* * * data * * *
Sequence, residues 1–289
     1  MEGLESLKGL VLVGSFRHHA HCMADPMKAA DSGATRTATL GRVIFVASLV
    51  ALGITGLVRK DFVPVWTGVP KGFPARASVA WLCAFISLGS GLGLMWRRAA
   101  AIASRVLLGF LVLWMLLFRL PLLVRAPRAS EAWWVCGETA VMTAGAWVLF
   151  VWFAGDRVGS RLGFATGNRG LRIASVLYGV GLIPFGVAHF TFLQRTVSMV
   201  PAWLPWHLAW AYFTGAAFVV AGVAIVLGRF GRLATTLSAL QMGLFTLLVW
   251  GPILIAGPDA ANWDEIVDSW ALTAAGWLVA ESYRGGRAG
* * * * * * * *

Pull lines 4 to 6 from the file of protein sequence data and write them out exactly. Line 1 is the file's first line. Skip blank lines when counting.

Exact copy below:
   101  AIASRVLLGF LVLWMLLFRL PLLVRAPRAS EAWWVCGETA VMTAGAWVLF
   151  VWFAGDRVGS RLGFATGNRG LRIASVLYGV GLIPFGVAHF TFLQRTVSMV
   201  PAWLPWHLAW AYFTGAAFVV AGVAIVLGRF GRLATTLSAL QMGLFTLLVW